Stocks

Are stock brokers ready for longer trading days?

KS Badri Narayanan Chennai | Updated on January 10, 2018 Published on September 08, 2017

Extended trading hours will increase operational costs, fear small brokers

A meeting of the stock market regulator SEBI on Monday will likely consider a proposal to extend trading hours to either 5 pm, 5.30 pm or even 7.30 pm.

The proposal, to be considered by the Secondary Market Advisory Committee (SMAC), is intended to align trading hours with some of the premier global exchanges such as those in the US, the UK, France and Singapore.

Stock exchanges are evidently keen to extend trading hours to the maximum extent possible, but brokers, especially small ones, are very anxious.

SEBI had in 2009 allowed exchanges to extend trading hours till 5 pm. But due to stiff resistance from the broking fraternity, exchanges could not extend the trading hours beyond 3.30 pm. Brokers, mainly small brokers, feel that longer trading hours will increase their operational cost.

Losing out to SGX

One of the reasons that bourses cite in favour of extending trading hours is that they are losing trading volumes to international bourses such as Singapore and Dubai owing to the time factor. They feel that an extension will help attract trading volumes from international investors.

However, the belief that extended trading hours will increase trading volumes appears misplaced, given the trading volumes at the international stock exchanges. Both the BSE (INX) and the NSE (IFSC) have virtually round-the-clock trading facilities at GIFT city in Gujarat.

However, even six months after the launch, trading volumes at these bourses are quite dismal. Just 52 Nifty contracts and two Bank Nifty contracts were traded on the NSE till 4.30 pm on Friday. The BSE’s INX platform is, however, experiencing some interest, but owing to regulatory issues, trading volumes are yet to pick up significantly.

Transaction cost, a drag

Even if the trading time is extended, it is unlikely that foreign investors trading in rupee or Nifty futures on overseas exchanges will shift to domestic platforms. These investors prefer to trade overseas owing to low transaction costs and the ease of doing business in those jurisdictions.

The current trading pattern at the bourses suggests that there is a concentration of volumes at the start (fresh order) and at closing hours (squaring-off positions). On most occasions, the mid-session (11.30 am to 2.30 pm) is generally dull and any movement is largely news-driven.

There are also concerns that extending trading hours will lead to an increase in day trading, which is not good for retail investors.

Trial basis

Instead of giving a blanket clearance, SEBI can consider asking the bourses to extend trading hours on a trial basis, say, for one or two months. If there is a significant volume jump, the new hours can be normalised. Else, reverting to the status quo would be the best option.

Brokers reckon that even if SEBI allows exchanges to extend the trading hours till 5.30 pm or 7.30 pm, it can consider giving a two-hour break, say, between 11.30 am and 1.30 pm to ease the physical and mental strain.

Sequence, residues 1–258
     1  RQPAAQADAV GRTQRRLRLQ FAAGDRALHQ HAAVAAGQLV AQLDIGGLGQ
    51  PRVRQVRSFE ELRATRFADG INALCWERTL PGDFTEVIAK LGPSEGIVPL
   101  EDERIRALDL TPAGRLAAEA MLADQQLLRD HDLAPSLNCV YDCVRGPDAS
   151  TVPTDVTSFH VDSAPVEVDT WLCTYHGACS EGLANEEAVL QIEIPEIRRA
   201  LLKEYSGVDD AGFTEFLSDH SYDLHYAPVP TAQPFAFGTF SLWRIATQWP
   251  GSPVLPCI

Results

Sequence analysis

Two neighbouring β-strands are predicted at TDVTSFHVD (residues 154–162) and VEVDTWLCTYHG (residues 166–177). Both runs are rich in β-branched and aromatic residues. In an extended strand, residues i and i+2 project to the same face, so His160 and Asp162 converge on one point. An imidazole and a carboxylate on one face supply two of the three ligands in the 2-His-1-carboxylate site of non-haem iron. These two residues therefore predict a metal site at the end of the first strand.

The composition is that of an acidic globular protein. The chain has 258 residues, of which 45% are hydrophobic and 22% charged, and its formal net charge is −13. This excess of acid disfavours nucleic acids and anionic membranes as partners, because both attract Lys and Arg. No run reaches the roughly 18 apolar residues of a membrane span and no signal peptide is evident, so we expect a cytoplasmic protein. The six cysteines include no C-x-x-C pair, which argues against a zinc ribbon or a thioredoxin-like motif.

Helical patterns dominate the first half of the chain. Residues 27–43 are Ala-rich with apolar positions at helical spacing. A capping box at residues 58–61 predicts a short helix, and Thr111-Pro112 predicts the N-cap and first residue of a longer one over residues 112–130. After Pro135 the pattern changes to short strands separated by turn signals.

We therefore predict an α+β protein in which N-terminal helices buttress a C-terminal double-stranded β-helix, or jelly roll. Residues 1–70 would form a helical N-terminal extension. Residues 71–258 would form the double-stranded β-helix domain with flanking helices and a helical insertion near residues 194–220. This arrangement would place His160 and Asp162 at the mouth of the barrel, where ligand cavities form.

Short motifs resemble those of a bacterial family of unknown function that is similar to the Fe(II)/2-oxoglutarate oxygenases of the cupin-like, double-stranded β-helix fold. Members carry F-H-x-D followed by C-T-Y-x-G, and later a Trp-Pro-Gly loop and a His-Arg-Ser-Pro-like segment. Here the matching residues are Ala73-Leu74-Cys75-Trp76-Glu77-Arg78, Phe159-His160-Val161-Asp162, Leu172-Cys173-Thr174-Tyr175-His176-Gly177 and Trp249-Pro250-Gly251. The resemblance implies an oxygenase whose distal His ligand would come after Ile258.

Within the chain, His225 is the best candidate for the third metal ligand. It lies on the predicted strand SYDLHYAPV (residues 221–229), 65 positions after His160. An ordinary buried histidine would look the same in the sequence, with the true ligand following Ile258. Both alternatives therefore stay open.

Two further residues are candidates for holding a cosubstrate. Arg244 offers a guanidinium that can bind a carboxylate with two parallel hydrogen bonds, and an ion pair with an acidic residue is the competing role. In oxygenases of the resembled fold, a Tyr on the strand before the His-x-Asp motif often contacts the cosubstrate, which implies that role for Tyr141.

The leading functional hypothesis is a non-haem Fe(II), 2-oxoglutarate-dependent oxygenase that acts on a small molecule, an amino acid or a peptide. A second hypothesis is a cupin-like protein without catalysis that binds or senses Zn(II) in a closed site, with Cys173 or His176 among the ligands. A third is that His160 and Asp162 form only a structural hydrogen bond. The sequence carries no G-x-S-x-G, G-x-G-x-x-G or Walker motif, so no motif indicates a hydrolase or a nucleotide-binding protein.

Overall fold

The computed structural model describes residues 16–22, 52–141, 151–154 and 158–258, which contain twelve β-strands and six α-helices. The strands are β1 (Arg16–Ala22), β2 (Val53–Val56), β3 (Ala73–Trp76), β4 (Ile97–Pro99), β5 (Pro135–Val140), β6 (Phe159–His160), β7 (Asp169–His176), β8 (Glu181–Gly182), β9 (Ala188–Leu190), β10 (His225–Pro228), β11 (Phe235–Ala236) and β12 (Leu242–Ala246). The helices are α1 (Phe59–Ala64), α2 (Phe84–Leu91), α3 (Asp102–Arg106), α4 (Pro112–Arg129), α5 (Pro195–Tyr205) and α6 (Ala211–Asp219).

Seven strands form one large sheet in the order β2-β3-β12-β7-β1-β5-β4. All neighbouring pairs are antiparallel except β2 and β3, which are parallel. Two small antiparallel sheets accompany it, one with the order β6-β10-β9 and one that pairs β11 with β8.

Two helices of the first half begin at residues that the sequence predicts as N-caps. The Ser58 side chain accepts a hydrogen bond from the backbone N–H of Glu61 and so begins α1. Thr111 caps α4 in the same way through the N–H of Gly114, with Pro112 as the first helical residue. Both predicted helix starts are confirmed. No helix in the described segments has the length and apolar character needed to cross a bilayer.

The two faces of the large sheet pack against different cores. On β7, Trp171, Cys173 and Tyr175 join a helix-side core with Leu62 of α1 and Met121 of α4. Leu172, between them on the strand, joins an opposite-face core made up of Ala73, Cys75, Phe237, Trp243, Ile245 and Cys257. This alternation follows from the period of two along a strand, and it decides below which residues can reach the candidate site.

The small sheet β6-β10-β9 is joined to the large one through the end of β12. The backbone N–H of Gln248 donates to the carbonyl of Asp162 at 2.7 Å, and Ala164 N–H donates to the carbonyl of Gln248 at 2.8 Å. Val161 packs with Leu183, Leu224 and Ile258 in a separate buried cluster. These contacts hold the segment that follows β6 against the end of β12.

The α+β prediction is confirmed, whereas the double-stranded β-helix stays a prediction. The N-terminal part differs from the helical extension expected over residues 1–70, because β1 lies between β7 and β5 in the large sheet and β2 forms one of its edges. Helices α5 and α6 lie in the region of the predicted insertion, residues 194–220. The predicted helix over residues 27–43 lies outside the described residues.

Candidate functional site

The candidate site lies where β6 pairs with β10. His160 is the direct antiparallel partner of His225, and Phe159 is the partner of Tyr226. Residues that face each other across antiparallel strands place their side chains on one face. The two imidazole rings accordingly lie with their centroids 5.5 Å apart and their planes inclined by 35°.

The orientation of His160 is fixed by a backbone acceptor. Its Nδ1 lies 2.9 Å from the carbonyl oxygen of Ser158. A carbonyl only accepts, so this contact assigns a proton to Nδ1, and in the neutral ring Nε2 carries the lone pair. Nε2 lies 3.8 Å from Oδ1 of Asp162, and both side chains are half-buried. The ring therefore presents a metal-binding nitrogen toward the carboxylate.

Published on September 08, 2017

A letter from the Editor


Dear Readers,

The coronavirus crisis has changed the world completely in the last few months. All of us have been locked into our homes, economic activity has come to a near standstill. Everyone has been impacted.

Including your favourite business and financial newspaper. Our printing and distribution chains have been severely disrupted across the country, leaving readers without access to newspapers. Newspaper delivery agents have also been unable to service their customers because of multiple restrictions.

In these difficult times, we, at BusinessLine have been working continuously every day so that you are informed about all the developments – whether on the pandemic, on policy responses, or the impact on the world of business and finance. Our team has been working round the clock to keep track of developments so that you – the reader – gets accurate information and actionable insights so that you can protect your jobs, businesses, finances and investments.

We are trying our best to ensure the newspaper reaches your hands every day. We have also ensured that even if your paper is not delivered, you can access BusinessLine in the e-paper format – just as it appears in print. Our website and apps too, are updated every minute, so that you can access the information you want anywhere, anytime.

But all this comes at a heavy cost. As you are aware, the lockdowns have wiped out almost all our entire revenue stream. Sustaining our quality journalism has become extremely challenging. That we have managed so far is thanks to your support. I thank all our subscribers – print and digital – for your support.

I appeal to all or readers to help us navigate these challenging times and help sustain one of the truly independent and credible voices in the world of Indian journalism. Doing so is easy. You can help us enormously simply by subscribing to our digital or e-paper editions. We offer several affordable subscription plans for our website, which includes Portfolio, our investment advisory section that offers rich investment advice from our highly qualified, in-house Research Bureau, the only such team in the Indian newspaper industry.

A little help from you can make a huge difference to the cause of quality journalism!

Support Quality Journalism
null
This article is closed for comments.
Please Email the Editor
You have read 1 out of 3 free articles for this week. For full access, please subscribe and get unlimited access to all sections.